Plain, two-tier Earnshaw-style mahogany box with open dovetail construction and sliding lid and ypical Earnshaw-type, one-day full plate fusee movement. This chronometer is referred to in one of the testimonials published by Thomas Earnshaw in his Appeal to the Public [FN: Earnshaw I, p.249]. The letter, which was from Chief Officer John Stevens, of the East India Company ship Elphinstone, reads:

I am ashamed of having so long neglected to write to you, concerning your timekeeper No. 524, which I had on the last voyage with me. I have had many under my care, and of different makers, but never had one that could in any way be brought in competition with the one above mentioned: it is to be observed it is the first box-chronometer of yours which I ever had; the rate you gave me of it was losing two seconds daily, which rate was allowed on it for the greatest part of a long voyage; but I found that it did alter its rate a little, and in one passage it had increased to three seconds nine tenths per day, which I believe to be its greatest loss at any time on the voyage; and I have good reason to think it might be depended upon not to alter its rate more than the little difference I have above stated from 2” to 3.9” per day, and if the mean rate had been allowed for the whole voyage, it would have given the longitude true within twenty minutes of a degree at any time; but I do not think it ever differed so much from the truth as I have above supposed, as in a long passage of eighty days it made the land within thirty minutes of a degree, a degree of accuracy the most sanguine makers could scarce expect to be equalled, the most enthusiastic friends to timekeepers could never expect to be exceeded. I must further beg leave to observe, that as I seldom omitted an opportunity of observing lunar distances, I always had an opportunity of judging that there was no material variation at any intermediate time on this passage. If it can be of any service to you to produce the observations upon which the above remarks are founded, I shall be glad to do it, in justice to your merits, and for the benefit of the public at large, who are so deeply interested in the advantages arising from your extraordinary exertions and discoveries.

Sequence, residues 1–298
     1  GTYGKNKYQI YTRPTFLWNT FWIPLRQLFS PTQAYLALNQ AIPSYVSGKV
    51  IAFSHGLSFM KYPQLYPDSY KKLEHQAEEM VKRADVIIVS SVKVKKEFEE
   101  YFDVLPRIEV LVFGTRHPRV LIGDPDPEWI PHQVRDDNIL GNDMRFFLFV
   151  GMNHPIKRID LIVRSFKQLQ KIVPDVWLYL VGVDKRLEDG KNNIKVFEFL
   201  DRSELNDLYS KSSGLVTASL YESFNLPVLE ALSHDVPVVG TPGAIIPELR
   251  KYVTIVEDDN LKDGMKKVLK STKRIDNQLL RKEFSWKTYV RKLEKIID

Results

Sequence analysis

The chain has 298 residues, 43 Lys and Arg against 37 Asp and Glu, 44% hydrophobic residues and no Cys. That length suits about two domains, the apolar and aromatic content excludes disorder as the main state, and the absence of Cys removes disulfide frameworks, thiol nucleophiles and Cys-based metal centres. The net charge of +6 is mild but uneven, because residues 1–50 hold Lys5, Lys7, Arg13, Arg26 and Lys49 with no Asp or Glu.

It is not known for how long Stevens kept the chronometer, and its subsequent history is unknown up to the 1960s. The chronometer was bought by the collector Robert Foulkes from the horologist Gerald Grundsell in August 1967

Object Details

ID: ZAA0732
Collection: Timekeeping
Type: Chronometer
Display location: Not on display
Creator: Earnshaw, Thomas
Date made: ca 1800; Unknown
Exhibition: Ships, Clocks & Stars: The Quest for Longitude
Credit: National Maritime Museum, Greenwich, London, Foulkes Collection
Measurements: Overall: 199 x 199 x 174 mm
Parts: 524

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